I am pleased to say that SkySat-Chocolate was a great success at this morning’s launch party! There was much oohing and aahing as people passed by.
Here are two closeups that my friend Lieven generously shot for me. This is the outside:
And here is the interior, showing the mirror inside:
The thing in the far back is the primary mirror (for the camera), the silvery piece up front is the secondary mirror. The doohickey on the right is the antenna (I think).
As you can see, there are a number of imperfections – the room was really too hot to be working with chocolate, so the chocolate is streaky in some areas. And the welding job isn’t great – there are drips of chocolate visible along the edges. But on the whole it’s quite good for a first attempt at chocolate sculpture, and I’m happy with it.
Here are a few photos from the making of SkySat-Chocolate. Here are the mirrors, cast using an inflatable ball dipped into white chocolate:
And here is the mirror after being trimmed and painted with silver colored cocoa butter. I’m in the process of carving the holes for the antenna, as you can see:
Here is the Google-Skybox logo that went onto the side. I painted a sheet of acetate with colored cocoa butter, then poured white chocolate over the acetate sheet. The colored cocoa butter bonded to the chocolate, transferring the logo to the sheet of white chocolate:
(The logo is the Skybox logo in Google rainbow colors, to reflect both companies. Purely unofficial, of course.)
The “solar panels” on the sides were created by carving a stencil, then using a paint roller to apply melted chocolate through the holes on the stencil. Before the chocolate hardened, I sifted on a mix of blue and black edible glitter, resulting in these:
I then drizzled glue, I mean chocolate, over the panel and applied the white chocolate logos to two of the sides, like this:
Finally, I got Mike to help me assemble the satellite. He held the pieces in place while I glued them together with melted chocolate, “freezing” them in place by spraying them with Magic Freeze, a compressed-gas product designed to cool things rapidly. (It was developed for pastry chefs doing chocolate sculpture and other things for which quick chilling is useful.) Here is what it looked like with two sides on:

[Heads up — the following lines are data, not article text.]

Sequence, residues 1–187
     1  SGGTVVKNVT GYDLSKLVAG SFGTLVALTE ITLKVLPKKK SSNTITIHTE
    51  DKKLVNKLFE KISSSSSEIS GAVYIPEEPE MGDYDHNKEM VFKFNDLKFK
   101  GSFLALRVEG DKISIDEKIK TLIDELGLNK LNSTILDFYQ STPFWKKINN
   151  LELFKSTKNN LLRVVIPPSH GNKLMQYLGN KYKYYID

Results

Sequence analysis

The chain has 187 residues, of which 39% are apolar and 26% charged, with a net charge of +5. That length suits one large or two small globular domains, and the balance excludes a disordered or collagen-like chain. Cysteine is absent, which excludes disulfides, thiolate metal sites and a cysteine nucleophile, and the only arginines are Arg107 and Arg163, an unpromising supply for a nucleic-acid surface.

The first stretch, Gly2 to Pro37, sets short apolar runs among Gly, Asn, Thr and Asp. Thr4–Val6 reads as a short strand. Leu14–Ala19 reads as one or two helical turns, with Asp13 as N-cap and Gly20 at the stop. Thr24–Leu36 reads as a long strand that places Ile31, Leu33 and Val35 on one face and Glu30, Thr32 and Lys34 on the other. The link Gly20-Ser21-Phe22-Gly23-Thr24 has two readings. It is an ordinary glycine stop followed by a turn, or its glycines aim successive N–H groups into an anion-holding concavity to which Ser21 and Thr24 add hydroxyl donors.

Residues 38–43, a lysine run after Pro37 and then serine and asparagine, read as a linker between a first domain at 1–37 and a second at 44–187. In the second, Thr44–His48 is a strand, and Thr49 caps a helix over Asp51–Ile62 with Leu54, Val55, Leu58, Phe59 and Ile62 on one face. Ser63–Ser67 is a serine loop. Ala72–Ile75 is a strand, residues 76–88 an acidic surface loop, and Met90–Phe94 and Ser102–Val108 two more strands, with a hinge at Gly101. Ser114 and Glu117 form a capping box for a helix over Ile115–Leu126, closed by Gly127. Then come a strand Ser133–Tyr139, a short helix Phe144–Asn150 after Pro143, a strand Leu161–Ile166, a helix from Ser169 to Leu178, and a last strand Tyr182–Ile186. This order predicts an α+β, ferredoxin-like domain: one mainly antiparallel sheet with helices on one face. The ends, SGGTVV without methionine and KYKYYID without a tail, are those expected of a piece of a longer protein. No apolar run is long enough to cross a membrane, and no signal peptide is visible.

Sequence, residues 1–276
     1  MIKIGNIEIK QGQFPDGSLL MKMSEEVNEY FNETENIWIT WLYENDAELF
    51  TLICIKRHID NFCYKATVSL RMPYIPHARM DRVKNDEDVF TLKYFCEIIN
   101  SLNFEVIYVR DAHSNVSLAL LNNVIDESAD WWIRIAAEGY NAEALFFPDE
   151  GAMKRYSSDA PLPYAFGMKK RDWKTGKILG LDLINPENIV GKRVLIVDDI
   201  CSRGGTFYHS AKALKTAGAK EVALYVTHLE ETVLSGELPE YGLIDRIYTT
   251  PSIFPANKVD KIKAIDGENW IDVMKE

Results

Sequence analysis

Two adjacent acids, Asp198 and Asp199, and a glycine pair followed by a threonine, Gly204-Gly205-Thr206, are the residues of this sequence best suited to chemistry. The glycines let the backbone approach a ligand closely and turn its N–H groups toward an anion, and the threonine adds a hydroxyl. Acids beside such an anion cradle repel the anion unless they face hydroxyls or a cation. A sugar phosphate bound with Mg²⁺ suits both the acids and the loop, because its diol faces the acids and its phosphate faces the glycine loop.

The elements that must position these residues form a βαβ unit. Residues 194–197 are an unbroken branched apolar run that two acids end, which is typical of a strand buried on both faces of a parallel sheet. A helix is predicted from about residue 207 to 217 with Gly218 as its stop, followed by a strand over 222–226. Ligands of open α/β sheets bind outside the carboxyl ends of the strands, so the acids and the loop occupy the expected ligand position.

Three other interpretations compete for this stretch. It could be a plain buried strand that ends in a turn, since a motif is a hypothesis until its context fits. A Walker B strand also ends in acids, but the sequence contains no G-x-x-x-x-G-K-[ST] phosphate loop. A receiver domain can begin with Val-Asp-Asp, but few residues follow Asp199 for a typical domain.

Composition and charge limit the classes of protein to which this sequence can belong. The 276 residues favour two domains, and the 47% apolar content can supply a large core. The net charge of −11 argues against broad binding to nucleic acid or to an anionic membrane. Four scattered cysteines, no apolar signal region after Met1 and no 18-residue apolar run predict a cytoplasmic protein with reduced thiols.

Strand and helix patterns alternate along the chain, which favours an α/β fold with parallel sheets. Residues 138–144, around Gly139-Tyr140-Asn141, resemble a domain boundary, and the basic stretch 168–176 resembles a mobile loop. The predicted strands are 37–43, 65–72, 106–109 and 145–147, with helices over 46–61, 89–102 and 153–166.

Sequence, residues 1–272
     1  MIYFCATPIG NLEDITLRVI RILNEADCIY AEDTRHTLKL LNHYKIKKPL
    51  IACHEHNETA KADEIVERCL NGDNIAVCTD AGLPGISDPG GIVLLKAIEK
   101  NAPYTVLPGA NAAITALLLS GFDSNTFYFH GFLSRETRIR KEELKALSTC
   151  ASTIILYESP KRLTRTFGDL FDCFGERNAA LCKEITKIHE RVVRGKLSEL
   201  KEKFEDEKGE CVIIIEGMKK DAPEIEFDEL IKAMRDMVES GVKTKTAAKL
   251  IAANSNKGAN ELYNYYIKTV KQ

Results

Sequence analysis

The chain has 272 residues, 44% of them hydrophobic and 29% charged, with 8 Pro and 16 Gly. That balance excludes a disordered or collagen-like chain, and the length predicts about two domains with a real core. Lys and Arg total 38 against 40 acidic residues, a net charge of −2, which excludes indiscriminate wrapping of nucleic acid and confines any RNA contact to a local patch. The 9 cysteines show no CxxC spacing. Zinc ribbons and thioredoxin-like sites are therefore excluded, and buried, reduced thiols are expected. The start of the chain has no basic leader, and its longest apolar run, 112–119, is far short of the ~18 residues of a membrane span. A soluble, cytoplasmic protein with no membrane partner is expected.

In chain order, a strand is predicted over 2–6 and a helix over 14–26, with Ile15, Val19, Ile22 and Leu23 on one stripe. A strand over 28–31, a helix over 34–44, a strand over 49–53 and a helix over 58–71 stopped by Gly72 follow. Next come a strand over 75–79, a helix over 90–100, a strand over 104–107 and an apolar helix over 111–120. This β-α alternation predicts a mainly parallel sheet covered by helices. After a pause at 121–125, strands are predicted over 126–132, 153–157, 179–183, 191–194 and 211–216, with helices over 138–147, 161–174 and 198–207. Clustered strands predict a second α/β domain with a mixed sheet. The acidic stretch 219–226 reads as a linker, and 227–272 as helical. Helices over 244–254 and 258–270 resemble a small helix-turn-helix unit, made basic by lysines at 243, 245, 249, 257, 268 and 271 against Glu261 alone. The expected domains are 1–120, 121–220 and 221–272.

It’s a tribute either to my incredibly good planning or my incredibly good luck that the pieces all lined up perfectly, with only the tiniest of gaps when the last part was put into place:
And then we put it onto a board and glued it down with (what else?) more chocolate, and added the open spacecraft door.
Here is SkySat-Chocolate at the party:
I’m pleased to say that it was quite well-received, and also that people had no compunctions about eating it after we gave the word. I had been a bit worried that it wouldn’t get eaten, which would have been a tragic waste of fifteen pounds of top-quality Valrhona chocolate. But when I left work today, only chocolate rubble was left. A successful launch!
And the other satellite? Oh yes, that one! I’m very pleased to announce that SkySat-2 launched successfully into low earth orbit. From our official company blog:
We are happy to announce the launch of SkySat-2 this morning aboard a Soyuz-2/Fregat rocket from Baikonur, Kazakhstan. We made contact with the satellite on the first pass.
Below is an image taken by SkySat-1 of SkySat-2’s launch pad on July 7, 2014 and a photo taken by Roscosmos of the Soyuz-2/Fregat rocket on July 8, 2014.
And, finally, where are the cats amidst all this space exploration? Well, Fritz hasn’t quite made it into low earth orbit yet, but he’s definitely trying to fly. Here he is, perched atop the shower door – a good five-foot leap, onto a ledge no more than three inches wide. (He is obviously not worried about gravity!)